Pronunciation: mas-o-SPON-di-lus Meaning: Longer vertebrae Author/s: Owen (1854) Synonyms: See below First Discovery: Harrismith, South Africa Chart Position: 9
(Longer vertebrae, keeled)EtymologyMassospondylus is derived from the Greek "masson" (longer) and "spondylos"' (vertebra), so named "because the vertebrae are proportionately longer than those of the extinct crocodile called Macrospondylus" (Owen, 1854). Its name is sometimes misinterpreted as coming from the Latin "massa" (hump, lump, or mass). The species epithet, carinatus, means "keeled" in Latin. 1854) - Upper Elliot Formation, Orange Free State, South Africa (also destroyed in World War II.) • Thecodontosaurus dubius (Haughton, 1924) - Upper Elliot Formation, Orange Free State, South Africa There are whispers on the paleontological grapevine that Fabien Knoll's 2010 genus Ignavusaurus may also be synonymous with Massospondylus.
DiscoveryThe first Massospondylus remains were collected from a surface outcrop of the Upper Elliot Formation at Farm Beauchef Abbey, near the town of Harrismith, South Africa, by government surveyor Joseph Millard Orpen in 1853.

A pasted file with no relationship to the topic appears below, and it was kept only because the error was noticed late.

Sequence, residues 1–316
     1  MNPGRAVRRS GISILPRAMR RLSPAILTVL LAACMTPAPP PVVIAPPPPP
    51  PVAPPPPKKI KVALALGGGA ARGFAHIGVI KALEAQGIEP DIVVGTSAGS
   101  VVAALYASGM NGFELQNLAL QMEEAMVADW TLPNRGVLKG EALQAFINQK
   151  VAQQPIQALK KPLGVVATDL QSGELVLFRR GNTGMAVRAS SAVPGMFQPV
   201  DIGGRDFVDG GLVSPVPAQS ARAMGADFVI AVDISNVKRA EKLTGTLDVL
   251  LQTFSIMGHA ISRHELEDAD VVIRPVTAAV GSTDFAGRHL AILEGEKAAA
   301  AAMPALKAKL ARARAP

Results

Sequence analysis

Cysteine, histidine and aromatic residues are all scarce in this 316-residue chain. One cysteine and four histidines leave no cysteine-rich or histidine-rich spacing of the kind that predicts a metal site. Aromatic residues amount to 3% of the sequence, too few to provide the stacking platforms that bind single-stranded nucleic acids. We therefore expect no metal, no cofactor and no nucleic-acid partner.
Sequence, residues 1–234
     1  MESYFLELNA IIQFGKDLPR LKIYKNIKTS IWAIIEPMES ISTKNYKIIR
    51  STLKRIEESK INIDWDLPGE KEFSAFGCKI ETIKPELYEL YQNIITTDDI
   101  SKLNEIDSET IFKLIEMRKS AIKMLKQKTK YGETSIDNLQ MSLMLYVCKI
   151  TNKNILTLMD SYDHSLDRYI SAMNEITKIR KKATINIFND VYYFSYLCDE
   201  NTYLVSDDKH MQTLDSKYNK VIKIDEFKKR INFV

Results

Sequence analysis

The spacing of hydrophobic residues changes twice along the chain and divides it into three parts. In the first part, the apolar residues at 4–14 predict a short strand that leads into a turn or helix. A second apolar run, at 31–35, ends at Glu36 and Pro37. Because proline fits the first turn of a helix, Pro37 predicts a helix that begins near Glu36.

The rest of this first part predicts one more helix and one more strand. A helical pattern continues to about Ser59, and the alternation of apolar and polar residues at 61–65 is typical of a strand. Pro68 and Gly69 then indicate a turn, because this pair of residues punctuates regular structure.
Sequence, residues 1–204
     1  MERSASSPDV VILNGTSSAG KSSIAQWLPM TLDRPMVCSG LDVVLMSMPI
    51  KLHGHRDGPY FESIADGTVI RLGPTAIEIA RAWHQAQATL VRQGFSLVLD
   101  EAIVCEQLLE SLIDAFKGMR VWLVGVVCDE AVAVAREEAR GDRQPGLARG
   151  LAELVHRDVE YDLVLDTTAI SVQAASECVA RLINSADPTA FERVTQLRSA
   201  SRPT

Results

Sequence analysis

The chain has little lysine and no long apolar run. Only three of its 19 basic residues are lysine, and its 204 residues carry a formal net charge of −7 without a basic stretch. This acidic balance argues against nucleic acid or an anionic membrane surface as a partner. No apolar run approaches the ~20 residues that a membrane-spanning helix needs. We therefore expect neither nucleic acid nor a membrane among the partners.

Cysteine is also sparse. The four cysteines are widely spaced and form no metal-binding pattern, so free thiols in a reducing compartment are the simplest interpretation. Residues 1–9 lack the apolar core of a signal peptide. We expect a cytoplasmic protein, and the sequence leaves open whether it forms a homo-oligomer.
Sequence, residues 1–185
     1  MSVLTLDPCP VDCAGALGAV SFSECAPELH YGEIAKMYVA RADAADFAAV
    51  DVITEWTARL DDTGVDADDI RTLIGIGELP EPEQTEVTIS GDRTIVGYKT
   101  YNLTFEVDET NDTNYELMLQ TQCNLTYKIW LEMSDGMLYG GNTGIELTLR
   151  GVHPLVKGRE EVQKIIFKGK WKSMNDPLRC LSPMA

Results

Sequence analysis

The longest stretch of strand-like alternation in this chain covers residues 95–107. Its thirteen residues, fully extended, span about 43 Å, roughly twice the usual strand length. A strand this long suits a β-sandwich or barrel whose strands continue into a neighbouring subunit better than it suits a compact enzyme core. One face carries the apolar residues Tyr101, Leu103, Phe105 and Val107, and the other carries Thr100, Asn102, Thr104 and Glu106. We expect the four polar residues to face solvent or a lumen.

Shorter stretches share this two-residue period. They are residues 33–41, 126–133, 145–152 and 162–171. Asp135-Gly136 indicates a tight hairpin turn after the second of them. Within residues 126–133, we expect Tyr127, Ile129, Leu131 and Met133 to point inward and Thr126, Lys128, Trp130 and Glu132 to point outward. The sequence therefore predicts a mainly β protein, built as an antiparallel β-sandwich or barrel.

The type series (no holotype designated) was five neck vertebrae that Owen thought belonged to extinct carnivorous reptiles akin to modern lizards such as Iguanas, and it was actually Richard Lydekker who identified them as dinosaurian in 1888, based in part on supposed specimens from India.
These remains and more were blown to buggery in 1941 when their home—The Hunterian Museum, Royal College of Surgeons, London—was hit by a WWII bombing raid, which, in hindsight, is no bad thing. The fossils, and thus surviving illustrations and plaster casts that were based on them, were inadequate for diagnosing a genus and species, certainly for a critter that anchors an entire family.
In 2010, Yates and Barrett petitioned the ICZN to boot the lousy type series from its perch and install a new name-bearer, and the neotype (new type) they nominated is a peach: the skeleton and skull of a particularly fine specimen affectionately known as "Big Momma", catalogued as BP/1/4934, and housed in the Bernard Price Institute for Palaeontological Research at the University of the Witwatersrand, Johannesburg, South Africa.